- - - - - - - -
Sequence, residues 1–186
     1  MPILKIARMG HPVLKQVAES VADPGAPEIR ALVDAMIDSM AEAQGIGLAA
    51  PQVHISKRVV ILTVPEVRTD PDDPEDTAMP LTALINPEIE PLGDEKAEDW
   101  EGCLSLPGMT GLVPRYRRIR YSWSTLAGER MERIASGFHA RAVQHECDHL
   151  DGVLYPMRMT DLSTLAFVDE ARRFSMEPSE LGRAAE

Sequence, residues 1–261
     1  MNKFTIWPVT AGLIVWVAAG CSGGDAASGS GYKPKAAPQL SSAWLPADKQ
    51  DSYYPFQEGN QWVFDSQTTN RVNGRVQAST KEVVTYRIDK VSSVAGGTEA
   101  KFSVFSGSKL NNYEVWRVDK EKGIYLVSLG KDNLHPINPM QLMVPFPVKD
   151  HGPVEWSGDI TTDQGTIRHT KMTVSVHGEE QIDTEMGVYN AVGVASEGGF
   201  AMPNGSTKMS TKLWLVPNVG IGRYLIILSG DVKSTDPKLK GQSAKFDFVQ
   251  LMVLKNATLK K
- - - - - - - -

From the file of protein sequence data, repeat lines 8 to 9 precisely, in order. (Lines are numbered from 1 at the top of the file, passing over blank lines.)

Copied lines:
    51  DSYYPFQEGN QWVFDSQTTN RVNGRVQAST KEVVTYRIDK VSSVAGGTEA
   101  KFSVFSGSKL NNYEVWRVDK EKGIYLVSLG KDNLHPINPM QLMVPFPVKD